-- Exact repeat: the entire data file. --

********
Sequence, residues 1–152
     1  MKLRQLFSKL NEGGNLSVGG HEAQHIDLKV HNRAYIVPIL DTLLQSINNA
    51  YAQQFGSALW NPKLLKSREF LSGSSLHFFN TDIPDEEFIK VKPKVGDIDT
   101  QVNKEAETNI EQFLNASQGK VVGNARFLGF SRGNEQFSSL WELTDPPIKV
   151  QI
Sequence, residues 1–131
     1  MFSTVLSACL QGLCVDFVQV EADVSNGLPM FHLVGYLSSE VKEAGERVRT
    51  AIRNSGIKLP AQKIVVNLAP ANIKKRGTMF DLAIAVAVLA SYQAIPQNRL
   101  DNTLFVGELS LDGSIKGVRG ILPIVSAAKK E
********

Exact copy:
Sequence, residues 1–152
     1  MKLRQLFSKL NEGGNLSVGG HEAQHIDLKV HNRAYIVPIL DTLLQSINNA
    51  YAQQFGSALW NPKLLKSREF LSGSSLHFFN TDIPDEEFIK VKPKVGDIDT
   101  QVNKEAETNI EQFLNASQGK VVGNARFLGF SRGNEQFSSL WELTDPPIKV
   151  QI
Sequence, residues 1–131
     1  MFSTVLSACL QGLCVDFVQV EADVSNGLPM FHLVGYLSSE VKEAGERVRT
    51  AIRNSGIKLP AQKIVVNLAP ANIKKRGTMF DLAIAVAVLA SYQAIPQNRL
   101  DNTLFVGELS LDGSIKGVRG ILPIVSAAKK E